I know there’s an entire generation out there who sees Toby MacGuire as the quintessential Spider Man, but he’s very much the exception rather than the rule. In traditional Spider Man stories, Peter Parker is bit by a radioactive spider while on a class field trip and becomes Spider Man. The version of the story with the youngest Spider Man that I can find is the Ultimate Marvel series, which has him at 15 years old. Interestingly enough, there’s an alternate universe story were Spider Man retires and a new Spider Man, named Miles, replaces him. Even more interestingly, Miles is 11 years old, which technically makes him the youngest Spider Man.

Fun Factoid: Andrew Garfield is an awesome Spider Man.

Yusuke Urameshi, 14 years (YuYu Hakusho)

For my last character, here’s another anime hero that I mentioned in my original article. Yusuke is interesting in that he dies in his very first episode. His death was considered a freak accident by the afterlife, however, as none of the angels expected Yusuke to jump in front of a truck to save a small child’s life. (Yusuke is kind of a jerk at the beginning of the series.) Because of the unexpected nature of his death, the angel of death offers to make Yusuke a spirit detective instead of bringing him to the afterlife for judgment, possibly because too much paperwork would have been involved. Yusuke accepts and thus begins his journey as a spirit detective.

Being a spirit detective is a weird combination of monk and gunslinger, as he gains super speed, super strength, and the ability to shoot a “spirit gun” blast of energy out of his finger tips when he points his hand like a gun. As the series progresses, Yusku’s spirit energy grows dramatically, to the point where it is revealed that every time he attempts to access his soul’s full power henceforth, his soul will rearrange every cell in his body so he reassumes his 14-year old form because that is the most powerful that he will ever be for the rest of his life. That’s both kind of sad and kind of cool at the same time. Yusuke defeants many powerful, adult opponents, sure, but most of his enemies are actually immortal demons, making his victories even more impressive.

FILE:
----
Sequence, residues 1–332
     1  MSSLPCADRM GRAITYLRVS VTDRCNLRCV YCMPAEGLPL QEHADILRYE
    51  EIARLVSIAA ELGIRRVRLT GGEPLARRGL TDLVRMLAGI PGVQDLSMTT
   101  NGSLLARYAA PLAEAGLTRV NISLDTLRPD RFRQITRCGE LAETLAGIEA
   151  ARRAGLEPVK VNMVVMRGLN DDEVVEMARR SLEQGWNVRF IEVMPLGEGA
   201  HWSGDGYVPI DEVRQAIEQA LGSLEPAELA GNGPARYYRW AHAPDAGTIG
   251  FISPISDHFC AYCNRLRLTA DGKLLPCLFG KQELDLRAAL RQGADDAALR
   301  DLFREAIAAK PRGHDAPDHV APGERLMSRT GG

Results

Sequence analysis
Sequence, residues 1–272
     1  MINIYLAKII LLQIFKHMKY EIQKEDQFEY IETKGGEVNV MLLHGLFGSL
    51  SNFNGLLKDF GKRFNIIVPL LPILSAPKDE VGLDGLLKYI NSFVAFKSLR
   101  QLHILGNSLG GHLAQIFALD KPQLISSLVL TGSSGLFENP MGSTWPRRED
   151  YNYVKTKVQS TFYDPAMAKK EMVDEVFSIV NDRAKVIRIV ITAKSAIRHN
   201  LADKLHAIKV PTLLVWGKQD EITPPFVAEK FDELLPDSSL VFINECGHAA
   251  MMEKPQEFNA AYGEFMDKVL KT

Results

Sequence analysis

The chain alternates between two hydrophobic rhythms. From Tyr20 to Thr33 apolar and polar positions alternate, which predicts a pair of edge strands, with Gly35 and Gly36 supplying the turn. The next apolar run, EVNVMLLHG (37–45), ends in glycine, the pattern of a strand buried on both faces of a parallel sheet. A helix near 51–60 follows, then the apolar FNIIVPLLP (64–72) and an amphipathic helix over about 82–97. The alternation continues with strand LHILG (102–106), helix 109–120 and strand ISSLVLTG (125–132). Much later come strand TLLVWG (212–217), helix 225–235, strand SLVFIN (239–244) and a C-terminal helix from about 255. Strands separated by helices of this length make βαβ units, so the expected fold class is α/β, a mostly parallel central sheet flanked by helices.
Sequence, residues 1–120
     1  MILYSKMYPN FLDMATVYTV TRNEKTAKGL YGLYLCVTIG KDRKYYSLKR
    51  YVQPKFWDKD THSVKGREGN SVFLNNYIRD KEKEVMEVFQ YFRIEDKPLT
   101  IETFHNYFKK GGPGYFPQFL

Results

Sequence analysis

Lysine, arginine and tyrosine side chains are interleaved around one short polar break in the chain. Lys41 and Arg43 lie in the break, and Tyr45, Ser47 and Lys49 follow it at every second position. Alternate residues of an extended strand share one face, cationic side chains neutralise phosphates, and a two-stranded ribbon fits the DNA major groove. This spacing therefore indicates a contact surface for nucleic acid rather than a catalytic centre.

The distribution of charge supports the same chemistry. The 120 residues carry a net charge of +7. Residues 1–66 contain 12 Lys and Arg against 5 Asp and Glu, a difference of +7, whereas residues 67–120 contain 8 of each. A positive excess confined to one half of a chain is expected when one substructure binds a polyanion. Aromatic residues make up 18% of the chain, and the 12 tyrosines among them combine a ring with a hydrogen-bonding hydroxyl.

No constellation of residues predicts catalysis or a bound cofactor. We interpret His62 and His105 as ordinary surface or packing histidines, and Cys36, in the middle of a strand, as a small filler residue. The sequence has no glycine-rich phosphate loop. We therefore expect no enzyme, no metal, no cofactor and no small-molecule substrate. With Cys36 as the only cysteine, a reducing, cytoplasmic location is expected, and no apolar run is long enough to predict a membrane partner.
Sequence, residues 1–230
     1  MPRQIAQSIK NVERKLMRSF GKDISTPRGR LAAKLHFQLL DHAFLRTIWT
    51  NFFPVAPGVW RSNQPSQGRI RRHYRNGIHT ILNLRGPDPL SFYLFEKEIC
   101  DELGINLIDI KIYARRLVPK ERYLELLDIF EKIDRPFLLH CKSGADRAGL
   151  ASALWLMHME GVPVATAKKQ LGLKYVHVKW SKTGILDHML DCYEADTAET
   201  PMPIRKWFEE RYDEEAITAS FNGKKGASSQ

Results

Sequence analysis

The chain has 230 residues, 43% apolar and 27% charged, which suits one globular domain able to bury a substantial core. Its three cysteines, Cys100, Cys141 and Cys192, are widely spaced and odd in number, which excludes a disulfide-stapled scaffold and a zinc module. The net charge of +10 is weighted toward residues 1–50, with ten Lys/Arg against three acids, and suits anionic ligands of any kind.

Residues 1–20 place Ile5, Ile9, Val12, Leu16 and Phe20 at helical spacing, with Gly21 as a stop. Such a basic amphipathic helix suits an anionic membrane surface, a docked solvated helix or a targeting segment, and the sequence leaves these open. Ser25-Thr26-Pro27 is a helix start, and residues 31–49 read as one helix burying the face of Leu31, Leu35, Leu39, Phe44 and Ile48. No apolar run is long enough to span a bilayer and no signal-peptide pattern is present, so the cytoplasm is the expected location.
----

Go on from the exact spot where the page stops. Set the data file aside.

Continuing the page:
And that, as they say, is that! What do you think? Are there any excellent, young characters that I missed in my synopsis? Got any disagreements with me? Leave your thoughts below and let’s discuss more awesome, young people in literature, gaming, and media! Until next time, I’m signing out!

Alexander “Alex” Augunas has been playing roleplaying games since 2007, which isn’t nearly as long as 90% of his colleagues. Alexander is an active freelancer for the Pathfinder Roleplaying Game and is best known as the author of the Pact Magic Unbound series by Radiance House. Alex is the owner of Everyman Gaming, LLC and is often stylized as the Everyman Gamer in honor of Guidance’s original home. Alex’s favorite color is blue, his favorite Pathfinder Race/Class combination is kitsune spirit detective.

Alex Augunas

Alexander "Alex" Augunas is an author and behavioral health worker living outside of Philadelphia in the United States. He has contributed to gaming products published by Paizo, Inc, Kobold Press, Legendary Games, Raging Swan Press, Rogue Genius Games, and Steve Jackson Games, as well as the owner and publisher of Everybody Games (formerly Everyman Gaming). At the Know Direction Network, he is the author of Guidance and a co-host on Know Direction: Beyond. You can see Alex's exploits at, or support him personally on Patreon at


  1. Al and Ed Elric of Full Metal Alchemist. I think 12 and 15 years old through much of the series.

  2. I think it would be hard to throw a stone down the hall of anime without hitting a kid hero lol. But this list has some of my favorites.

  3. Darrell Vin Zant Reply to Darrell

    Percy Jackson YES! Took me a few weeks to read the final book in the series (didn’t want it to end), so I’m really glad you included him.

    I’d say you have a really awesome list here, though I have to agree with Robert about throwing stones at anime and hitting kid heros 😛

    Also, thanks for reminding me about Yusuke, I totally want to play a Monk/Kineticist archetype (I think that would fit better than Monk/Gunslinger) now. I’m going to sneak that suggestion into the Kineticist thread before it closes and I hope something like it makes it into the book.